Channel 19

Todd Dills

‘Shipping wars’ TV series starts tonight on A&E

| January 10, 2012

The Austin American-Statesman reminds us that the latest in the phenomenon of truck-driving reality-TV series debuts tonight, with back-to-back half-hour episodes of ‘Shipping Wars’ occupying the 9 p.m. (ET and PT) hour on A&E. The debate over whether the show will be a boon to the image of drivers in the public imagination has already begun, as evidenced by comments on my previous post on the subject, from December.

“I’ll definitely be checking it out on Jan. 10,” wrote frequent commenter and proprietor at the Dispatch Me Home social site Bruce “Bandit” Weiser, “but I’m afraid I already have some questionable feelings from what I’ve read so far. I see where the participants consist of only one class 8 driver who has only one year of experience, a young lady who is a self-proclaimed rookie, and three more hotshotters, one with several months’ experience,” another with just a couple years’ worth, and hotshotter Scott Bawcom (pictured), who trucks in part with his wife Suzanne, in business for four years.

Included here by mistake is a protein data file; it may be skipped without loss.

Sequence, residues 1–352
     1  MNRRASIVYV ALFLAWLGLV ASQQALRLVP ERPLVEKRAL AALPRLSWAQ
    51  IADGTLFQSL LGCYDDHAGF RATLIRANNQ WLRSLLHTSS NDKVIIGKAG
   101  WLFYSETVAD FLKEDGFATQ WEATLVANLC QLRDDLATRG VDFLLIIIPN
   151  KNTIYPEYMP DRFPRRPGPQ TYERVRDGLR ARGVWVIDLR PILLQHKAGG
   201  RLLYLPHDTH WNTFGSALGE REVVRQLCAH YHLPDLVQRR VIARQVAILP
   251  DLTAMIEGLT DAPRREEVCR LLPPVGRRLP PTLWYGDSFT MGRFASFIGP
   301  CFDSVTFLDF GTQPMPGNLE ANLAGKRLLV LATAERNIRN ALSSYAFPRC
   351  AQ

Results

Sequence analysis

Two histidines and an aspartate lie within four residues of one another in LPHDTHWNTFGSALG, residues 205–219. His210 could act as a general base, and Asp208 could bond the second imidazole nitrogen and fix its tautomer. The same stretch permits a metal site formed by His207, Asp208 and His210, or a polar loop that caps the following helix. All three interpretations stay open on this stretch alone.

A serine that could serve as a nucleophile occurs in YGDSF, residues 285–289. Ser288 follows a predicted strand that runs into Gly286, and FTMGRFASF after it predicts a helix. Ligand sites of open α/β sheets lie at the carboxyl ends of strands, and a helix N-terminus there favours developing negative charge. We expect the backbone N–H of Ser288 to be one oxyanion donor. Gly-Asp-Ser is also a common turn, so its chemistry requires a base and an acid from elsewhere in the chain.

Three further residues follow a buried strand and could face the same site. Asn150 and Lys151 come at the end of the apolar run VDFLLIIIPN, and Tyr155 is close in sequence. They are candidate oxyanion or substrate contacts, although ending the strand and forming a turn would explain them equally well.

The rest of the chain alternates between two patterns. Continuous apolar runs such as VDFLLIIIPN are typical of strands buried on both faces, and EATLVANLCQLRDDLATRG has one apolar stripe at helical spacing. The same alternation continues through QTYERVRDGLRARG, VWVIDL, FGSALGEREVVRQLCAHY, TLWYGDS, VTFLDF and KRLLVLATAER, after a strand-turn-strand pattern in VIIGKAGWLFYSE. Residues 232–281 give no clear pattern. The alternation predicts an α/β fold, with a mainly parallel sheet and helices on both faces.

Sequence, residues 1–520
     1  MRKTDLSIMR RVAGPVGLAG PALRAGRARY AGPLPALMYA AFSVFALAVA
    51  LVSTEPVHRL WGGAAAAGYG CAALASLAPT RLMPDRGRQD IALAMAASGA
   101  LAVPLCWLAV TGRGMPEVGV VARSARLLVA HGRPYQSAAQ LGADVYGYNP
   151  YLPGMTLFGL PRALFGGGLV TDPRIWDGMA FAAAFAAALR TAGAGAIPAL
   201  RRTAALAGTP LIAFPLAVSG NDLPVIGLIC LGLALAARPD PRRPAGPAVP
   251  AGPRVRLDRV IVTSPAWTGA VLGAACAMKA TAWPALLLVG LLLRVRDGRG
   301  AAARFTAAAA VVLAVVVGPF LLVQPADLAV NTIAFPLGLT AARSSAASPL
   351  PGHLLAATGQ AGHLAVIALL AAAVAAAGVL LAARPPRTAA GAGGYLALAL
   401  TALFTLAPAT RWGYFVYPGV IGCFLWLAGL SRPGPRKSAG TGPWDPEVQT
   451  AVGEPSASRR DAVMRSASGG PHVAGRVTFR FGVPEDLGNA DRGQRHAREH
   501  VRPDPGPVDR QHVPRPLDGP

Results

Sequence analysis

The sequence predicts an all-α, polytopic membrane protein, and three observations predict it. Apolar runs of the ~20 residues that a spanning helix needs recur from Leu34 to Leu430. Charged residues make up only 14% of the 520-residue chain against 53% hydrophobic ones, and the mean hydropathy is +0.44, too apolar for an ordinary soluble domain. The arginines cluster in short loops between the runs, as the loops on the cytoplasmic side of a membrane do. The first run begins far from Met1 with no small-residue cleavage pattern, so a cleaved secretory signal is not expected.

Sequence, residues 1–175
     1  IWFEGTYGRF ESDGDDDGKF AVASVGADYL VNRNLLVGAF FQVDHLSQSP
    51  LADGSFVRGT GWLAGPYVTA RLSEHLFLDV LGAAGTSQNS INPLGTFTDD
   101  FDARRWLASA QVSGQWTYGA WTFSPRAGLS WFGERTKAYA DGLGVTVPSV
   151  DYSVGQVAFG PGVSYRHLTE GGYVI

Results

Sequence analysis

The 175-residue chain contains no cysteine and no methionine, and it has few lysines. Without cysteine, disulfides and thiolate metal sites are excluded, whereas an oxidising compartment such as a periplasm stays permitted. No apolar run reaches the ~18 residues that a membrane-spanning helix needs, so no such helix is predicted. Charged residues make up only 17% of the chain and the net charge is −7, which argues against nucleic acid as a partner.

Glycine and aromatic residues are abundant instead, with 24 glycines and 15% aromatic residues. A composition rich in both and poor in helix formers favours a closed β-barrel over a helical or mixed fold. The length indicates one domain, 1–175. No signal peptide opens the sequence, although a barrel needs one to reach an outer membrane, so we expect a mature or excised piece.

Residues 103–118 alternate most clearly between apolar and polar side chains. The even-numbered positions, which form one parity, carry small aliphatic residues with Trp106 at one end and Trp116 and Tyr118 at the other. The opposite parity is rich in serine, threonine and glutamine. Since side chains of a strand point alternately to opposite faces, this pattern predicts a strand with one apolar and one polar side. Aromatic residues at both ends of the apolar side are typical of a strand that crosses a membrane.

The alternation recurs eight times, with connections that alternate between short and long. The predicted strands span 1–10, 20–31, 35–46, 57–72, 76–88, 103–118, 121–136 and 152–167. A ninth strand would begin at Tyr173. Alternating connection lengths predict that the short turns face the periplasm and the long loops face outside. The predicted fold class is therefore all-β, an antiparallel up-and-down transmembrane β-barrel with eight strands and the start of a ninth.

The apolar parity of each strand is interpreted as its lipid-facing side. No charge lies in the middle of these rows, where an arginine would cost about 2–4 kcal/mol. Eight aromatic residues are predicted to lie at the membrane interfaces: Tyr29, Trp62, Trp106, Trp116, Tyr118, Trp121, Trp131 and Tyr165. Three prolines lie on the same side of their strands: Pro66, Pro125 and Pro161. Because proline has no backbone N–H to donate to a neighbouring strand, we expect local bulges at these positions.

“It seems to me,” Bandit continued, “that if the show’s producers were truly interested in shining a positive light on the industry that they could have found a more experienced cast of players. I guess we’ll all just have to wait and see how it all plays out.”

The wait is over — if you’re near a television and can check it out tonight, let us know your thoughts. Bawcom, at least, is hoping it will give viewers a true picture of the reality of his own business, if not of trucking as a whole. As part of reporting in part in this month’s Overdrive, he told me he thought the earnings-contest nature of the show, in which the haulers compete via uShip’s online freight marketplace, made it at least unique among other trucking TV shows in its presentation of the realities of running a hauling business.

“We’re all bidding on the same type of stuff,” said Bawcom, “but everybody has different equipment. Some of the things I won’t be able to move” as easily as others. “It’s very competitive, the consideration of how much we’re going to be able to offer to get the bid.”